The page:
Teenagers should choose whole-grain, high-fiber bread for sandwiches.

What Should a Teenager Eat for Lunch?

by Ann Jones

Because your body is still growing while you're a teenager, eating a nourishing lunch every day is essential. However, this can be difficult if you're faced with unhealthy school lunch choices and hallways full of soda machines. Prepare your teen a nutritious meal complete with proteins, complex carbohydrates and healthy fats to ensure optimal nutrition.

1. Protein

Protein sources such as lean meats and tofu make delicious sandwiches, an easy option for lunch on the go. Choose white meat chicken and turkey instead of salami or other red meat. Vegetarians can make healthy sandwiches with veggie bacon or veggie burgers. Other protein options include beans, nuts and seeds and quinoa, an ancient grain that is actually a seed. Mix quinoa into salads or eat it seasoned with garlic and lime juice, nutritional yeast, coconut milk and raisins or a splash of hot sauce and a handful of chopped almonds.

2. Complex Carbohydrates

Replace white bread with the whole-grain variety to avoid a spike in blood sugar that can leave you tired an hour or two later. Other healthy options include multi-grain wraps or crackers dipped in hummus or creamy dressing. If your teen prefers to eat the grains themselves rather than bread, try barley, wheat berries, millet or brown rice. A plastic container of cooked beans and rice is a nutritious, low-fat lunch that you can eat cold.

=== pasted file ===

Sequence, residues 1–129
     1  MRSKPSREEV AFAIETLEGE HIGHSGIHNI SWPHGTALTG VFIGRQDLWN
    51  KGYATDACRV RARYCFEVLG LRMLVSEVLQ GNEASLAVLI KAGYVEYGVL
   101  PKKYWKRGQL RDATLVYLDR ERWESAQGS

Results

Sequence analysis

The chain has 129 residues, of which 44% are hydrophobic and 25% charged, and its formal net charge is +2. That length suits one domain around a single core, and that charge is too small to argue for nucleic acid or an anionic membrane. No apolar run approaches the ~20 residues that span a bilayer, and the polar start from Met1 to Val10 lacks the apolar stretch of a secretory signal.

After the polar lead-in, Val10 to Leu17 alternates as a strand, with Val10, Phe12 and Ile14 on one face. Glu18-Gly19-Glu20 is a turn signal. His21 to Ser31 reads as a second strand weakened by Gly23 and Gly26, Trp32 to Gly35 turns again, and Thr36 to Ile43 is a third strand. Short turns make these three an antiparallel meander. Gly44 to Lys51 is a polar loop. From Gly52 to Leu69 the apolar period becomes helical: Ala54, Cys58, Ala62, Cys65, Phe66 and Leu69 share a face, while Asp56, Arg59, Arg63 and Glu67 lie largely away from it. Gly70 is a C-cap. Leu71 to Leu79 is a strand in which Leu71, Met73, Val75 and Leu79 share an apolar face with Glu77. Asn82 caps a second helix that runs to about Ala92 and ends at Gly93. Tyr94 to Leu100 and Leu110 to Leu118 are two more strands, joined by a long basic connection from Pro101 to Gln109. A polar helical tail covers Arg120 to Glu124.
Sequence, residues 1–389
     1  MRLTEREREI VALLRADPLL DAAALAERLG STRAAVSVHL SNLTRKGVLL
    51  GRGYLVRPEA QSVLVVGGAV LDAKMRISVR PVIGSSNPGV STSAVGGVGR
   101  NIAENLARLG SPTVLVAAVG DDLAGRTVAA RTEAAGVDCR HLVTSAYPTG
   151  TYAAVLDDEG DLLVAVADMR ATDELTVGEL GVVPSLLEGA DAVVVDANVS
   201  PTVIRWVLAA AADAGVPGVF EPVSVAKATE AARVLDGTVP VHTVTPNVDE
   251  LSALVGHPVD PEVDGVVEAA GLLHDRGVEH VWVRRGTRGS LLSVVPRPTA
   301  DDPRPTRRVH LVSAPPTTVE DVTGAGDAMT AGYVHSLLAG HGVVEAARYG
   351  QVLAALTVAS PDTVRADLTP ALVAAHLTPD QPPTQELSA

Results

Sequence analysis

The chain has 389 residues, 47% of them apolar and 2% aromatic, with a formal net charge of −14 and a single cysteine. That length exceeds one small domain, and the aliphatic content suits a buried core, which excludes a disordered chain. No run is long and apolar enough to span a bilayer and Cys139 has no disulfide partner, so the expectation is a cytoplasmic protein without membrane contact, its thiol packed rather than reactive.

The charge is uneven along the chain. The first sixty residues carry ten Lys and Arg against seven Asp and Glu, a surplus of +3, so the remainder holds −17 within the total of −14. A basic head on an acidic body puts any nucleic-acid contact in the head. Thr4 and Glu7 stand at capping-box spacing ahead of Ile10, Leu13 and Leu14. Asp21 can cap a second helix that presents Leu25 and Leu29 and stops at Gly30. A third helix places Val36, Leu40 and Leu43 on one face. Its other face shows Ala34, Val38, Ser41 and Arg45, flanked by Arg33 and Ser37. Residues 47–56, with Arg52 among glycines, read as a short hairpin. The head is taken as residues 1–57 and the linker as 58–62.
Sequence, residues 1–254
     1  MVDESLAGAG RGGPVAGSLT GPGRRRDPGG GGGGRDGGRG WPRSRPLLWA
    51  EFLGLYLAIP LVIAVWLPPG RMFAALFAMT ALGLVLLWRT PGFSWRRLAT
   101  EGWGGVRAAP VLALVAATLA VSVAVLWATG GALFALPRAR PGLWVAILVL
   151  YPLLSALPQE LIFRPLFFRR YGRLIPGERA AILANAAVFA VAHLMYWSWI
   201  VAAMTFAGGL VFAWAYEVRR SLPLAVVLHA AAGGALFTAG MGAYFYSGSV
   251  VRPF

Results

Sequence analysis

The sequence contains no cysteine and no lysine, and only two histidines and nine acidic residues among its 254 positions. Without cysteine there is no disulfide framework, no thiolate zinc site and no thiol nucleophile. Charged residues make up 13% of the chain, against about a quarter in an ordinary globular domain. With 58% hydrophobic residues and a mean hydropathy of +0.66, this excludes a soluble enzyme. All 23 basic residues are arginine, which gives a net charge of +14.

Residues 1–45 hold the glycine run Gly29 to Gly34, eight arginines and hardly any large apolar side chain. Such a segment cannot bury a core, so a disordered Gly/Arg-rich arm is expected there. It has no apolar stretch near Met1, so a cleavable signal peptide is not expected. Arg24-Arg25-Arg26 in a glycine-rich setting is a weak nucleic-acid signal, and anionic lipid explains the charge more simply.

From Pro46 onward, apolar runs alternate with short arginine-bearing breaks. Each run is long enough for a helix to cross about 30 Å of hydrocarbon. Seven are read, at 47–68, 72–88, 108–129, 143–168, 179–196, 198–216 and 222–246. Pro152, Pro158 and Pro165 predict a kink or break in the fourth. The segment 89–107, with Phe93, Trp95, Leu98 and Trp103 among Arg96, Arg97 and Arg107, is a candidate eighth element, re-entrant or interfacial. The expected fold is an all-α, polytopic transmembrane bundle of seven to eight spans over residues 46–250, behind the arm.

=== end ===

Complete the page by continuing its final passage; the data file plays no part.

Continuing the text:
3. Fruits and Vegetables

The more fruits and vegetables you pack into your diet, the better. If your child finds that plain salad doesn't keep well throughout the morning, mix vegetables with grains. Try carrots, celery, fresh corn or leafy greens like spinach. Carry carrot sticks and raw cauliflower, broccoli or bell peppers in one container and a single serving cup of dip. Add veggies to sandwiches or wraps. Take along a piece of fruit like an apple, pear, orange or banana for dessert.

4. Healthy Fats

Although low-fat foods abound in grocery stores, your child's body actually needs healthy fats in moderate doses. Wise choices include avocados, nuts and olive oil, all of which are easily added to sandwiches or salads. By replacing unhealthy or trans fats with healthy fats, your teen remains full and satisfied until after school or dinnertime. Another sources of healthy fat that is a nutritional powerhouse is flax seed. Grind flax seeds rather than eating them whole; they pass through your body undigested if not ground.

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